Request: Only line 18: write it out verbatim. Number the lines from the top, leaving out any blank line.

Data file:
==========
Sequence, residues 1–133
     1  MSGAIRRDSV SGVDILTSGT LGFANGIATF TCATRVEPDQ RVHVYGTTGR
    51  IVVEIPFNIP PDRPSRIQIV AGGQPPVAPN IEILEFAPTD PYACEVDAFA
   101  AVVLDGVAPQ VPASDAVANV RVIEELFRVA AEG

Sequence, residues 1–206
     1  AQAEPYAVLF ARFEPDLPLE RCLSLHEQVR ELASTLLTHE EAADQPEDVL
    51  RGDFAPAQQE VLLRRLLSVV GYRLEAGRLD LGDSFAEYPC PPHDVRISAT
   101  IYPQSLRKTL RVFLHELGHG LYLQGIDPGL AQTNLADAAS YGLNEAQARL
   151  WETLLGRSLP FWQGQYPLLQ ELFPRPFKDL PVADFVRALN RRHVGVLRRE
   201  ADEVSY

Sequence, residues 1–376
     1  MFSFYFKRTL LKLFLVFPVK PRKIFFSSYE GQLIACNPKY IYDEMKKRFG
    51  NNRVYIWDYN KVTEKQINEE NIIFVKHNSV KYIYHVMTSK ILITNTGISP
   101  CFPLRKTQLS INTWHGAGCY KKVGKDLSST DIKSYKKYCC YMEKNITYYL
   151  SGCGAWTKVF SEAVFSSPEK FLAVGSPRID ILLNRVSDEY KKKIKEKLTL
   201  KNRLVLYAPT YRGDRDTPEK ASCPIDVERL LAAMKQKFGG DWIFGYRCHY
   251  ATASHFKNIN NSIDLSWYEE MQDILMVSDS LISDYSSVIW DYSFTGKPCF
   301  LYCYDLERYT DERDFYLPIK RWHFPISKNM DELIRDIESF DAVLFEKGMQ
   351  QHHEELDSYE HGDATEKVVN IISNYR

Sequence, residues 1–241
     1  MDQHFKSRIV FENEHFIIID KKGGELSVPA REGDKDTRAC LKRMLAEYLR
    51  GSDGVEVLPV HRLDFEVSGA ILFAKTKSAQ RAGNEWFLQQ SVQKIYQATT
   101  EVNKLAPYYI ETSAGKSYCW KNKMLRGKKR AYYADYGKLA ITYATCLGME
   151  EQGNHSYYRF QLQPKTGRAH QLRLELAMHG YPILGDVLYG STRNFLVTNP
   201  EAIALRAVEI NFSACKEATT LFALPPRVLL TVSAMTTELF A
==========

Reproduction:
   301  LYCYDLERYT DERDFYLPIK RWHFPISKNM DELIRDIESF DAVLFEKGMQ